| Birmingham -- Sunny Speaker is a slight woman with red curly hair. She looks younger than she is and with her guitar in hand and her folksy voice, she would fit right in at open mic night at a coffee house. But she's dressed in scrubs and her music is peppered with the beeps and noises from various medical devices. Speaker is a music therapist at UAB hospital. Actually, she's the music therapist. When she started the department five years ago, she says there were lots of misconceptions.
"A lot of people think music therapy is for patients who are bored of they think it's for patients who are musicians or they think it's to trying and turn patients into musicians, but it's none of those things -- it's just the way we try to accomplish non-musical goals -- decreasing anxiety, decreasing symptoms of depression, increasing relaxation?trying to increase appropriate social interaction. None of these goals have anything to do with music."
Aristotle and Plato were the first to note the profound effect of music on the emotions. The practice resurfaced in the early 20th century when veteran?s hospitals used music therapy to vets suffering from the physical and emotional wounds of World Wars One and Two. The first music therapy degree program in the world was founded at Michigan State University in 1944 and by 1991 the US Congress recognized its merits by passing the Music Therapy for Older Americans Act. In short, while music therapy was once considered an "alternative" practice, it's now gaining acceptance in mainstream medicine -- buoyed by research that suggests it helps alleviate pain, counteract depression and lesson muscle tension.
This afternoon, Sunny Speaker is holding a session in the geriatric psychiatric unit where many patients suffer from Alzheimers and dementia. Speaker begins with a song in which she poses questions and the patients answer. This is called "reality orientation." Speaker's intern, Claudia Lewis, notes that this practice is particularly effective for the geriatric patients.
"A lot of times just asking the day of the week or the month, they can?t respond but it you put it in a song, it comes. Or you know a song asking them their name or a song encouraging them to smile or to change their outfits. They don?t realize that we?re actually trying to get them to reach goals. And that they?re actually reaching them with the use of music."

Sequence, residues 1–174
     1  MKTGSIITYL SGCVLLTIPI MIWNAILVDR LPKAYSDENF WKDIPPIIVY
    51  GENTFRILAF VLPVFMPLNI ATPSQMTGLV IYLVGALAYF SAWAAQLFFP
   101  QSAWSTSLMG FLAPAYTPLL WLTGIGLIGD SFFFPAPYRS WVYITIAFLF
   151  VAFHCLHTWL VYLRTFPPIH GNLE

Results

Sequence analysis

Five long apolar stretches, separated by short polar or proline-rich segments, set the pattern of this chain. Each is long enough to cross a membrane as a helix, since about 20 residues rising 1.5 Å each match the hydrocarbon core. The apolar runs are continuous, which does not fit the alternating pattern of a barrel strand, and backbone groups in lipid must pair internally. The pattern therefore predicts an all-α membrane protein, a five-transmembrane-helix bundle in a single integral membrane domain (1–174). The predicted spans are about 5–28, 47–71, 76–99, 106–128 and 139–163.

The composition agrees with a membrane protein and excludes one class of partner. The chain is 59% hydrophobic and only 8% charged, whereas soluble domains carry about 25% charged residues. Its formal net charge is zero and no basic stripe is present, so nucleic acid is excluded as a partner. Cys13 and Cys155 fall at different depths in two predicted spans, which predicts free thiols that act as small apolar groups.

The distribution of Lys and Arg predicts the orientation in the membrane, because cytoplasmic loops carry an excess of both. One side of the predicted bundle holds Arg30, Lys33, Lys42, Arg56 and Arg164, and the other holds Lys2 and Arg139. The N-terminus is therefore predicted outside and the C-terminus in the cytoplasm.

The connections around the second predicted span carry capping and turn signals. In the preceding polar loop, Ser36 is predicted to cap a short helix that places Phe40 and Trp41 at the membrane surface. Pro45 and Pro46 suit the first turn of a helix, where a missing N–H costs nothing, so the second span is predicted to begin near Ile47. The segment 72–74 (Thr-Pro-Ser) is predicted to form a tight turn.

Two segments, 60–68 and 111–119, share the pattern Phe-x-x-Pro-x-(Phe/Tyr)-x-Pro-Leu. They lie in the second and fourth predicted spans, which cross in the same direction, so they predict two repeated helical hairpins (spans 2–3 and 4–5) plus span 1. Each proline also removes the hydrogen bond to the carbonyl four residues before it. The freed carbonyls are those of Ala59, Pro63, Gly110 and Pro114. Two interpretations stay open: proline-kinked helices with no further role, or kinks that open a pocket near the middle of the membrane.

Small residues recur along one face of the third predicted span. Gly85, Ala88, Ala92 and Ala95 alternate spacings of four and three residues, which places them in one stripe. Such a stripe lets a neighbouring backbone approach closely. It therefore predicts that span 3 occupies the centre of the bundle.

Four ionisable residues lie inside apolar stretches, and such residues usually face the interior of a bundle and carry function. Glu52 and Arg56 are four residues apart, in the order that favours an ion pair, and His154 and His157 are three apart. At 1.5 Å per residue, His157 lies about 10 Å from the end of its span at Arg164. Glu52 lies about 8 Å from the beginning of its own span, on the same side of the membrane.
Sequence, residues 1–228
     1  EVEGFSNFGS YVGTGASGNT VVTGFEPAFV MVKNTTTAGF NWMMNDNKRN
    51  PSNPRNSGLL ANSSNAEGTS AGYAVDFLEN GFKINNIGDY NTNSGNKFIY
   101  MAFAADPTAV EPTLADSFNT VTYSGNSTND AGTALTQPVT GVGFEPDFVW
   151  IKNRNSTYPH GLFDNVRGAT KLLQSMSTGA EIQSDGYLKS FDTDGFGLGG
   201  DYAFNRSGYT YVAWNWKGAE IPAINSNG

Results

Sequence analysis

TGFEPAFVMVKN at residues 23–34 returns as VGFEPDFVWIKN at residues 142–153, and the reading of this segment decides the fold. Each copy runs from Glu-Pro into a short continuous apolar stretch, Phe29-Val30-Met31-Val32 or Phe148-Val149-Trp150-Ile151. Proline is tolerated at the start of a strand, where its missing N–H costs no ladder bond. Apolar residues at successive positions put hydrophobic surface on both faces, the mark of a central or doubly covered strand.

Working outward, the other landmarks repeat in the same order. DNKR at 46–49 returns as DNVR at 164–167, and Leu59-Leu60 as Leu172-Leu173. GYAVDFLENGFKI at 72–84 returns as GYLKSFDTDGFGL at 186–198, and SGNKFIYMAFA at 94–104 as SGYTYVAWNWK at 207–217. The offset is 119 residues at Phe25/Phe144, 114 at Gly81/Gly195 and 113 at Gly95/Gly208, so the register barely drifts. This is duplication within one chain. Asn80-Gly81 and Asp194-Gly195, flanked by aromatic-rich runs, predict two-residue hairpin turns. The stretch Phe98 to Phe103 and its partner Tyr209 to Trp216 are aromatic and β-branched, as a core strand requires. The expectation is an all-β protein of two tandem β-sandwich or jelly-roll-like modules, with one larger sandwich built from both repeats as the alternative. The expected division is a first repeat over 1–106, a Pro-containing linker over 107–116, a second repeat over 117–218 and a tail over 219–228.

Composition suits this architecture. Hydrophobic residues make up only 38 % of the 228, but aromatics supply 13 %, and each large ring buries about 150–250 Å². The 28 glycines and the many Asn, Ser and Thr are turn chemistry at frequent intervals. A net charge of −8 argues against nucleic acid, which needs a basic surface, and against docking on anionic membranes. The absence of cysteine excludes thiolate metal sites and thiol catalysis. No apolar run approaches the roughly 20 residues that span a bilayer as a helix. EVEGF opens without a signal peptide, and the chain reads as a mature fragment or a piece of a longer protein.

The patients may not realize it, but the nurses do. Judy Wilson is a clinical nurse specialist in the geriatric psych unit.
"A lot of times we'll have people who are somewhat disruptive, they're loud and their saying nonsensical things and Sunny will come in and within minutes, have people singing. People who have illnesses such as Alzheimers disease or vascular dementia that really can no longer have a meaningful conversation and all of the sudden, you'll hear them singing, they'll remember lyrics of a song and you're really surprised that they have that ability."
Later in the session, each patient picks a percussion instrument to play along. Sunny Speaker notes that this is a significant part of the afternoon for the patients.
"It's something very small but since when you're hospitalized, you don't have a choice about many things, so something as small as letting them pick what instrument they want to play gives them a sense of control for the afternoon -- it's something as small as that where music therapy can make a big difference with mental health patients."
Throughout the session the universal appeal of music is apparent.
"It's part of every single person's life. Whether it was lullabies that their mother sang to them when they were a baby or part of fun memories from high school or associated with some type of family connection, it's just inherent to everyone. And it's so easy to use it as therapy because everyone is connected to it in some way."
At the end of the session, as I gather my equipment, I feel someone touch my arm. It's the woman who's been lying next to me. When the session began, she pulled her blanket over her head. As the session wore on, she uncovered her face and began to participate. Now she looks at me, smiles slightly, and begins to softly sing.
~Francesca Rosko, February 14, 2005
Editor's note: This is our second story in a year-long commitment to covering mental health issues in Alabama. You can learn more about our "Making Sense of Mental Health" project and find local mental health resources -- as our commitment continues throughout the year -- inside this website.